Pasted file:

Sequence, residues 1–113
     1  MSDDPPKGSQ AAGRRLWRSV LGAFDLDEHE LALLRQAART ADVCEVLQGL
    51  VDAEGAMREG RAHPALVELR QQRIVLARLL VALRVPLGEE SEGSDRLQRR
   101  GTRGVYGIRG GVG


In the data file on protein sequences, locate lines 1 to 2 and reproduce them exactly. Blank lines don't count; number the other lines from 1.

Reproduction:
Sequence, residues 1–113
     1  MSDDPPKGSQ AAGRRLWRSV LGAFDLDEHE LALLRQAART ADVCEVLQGL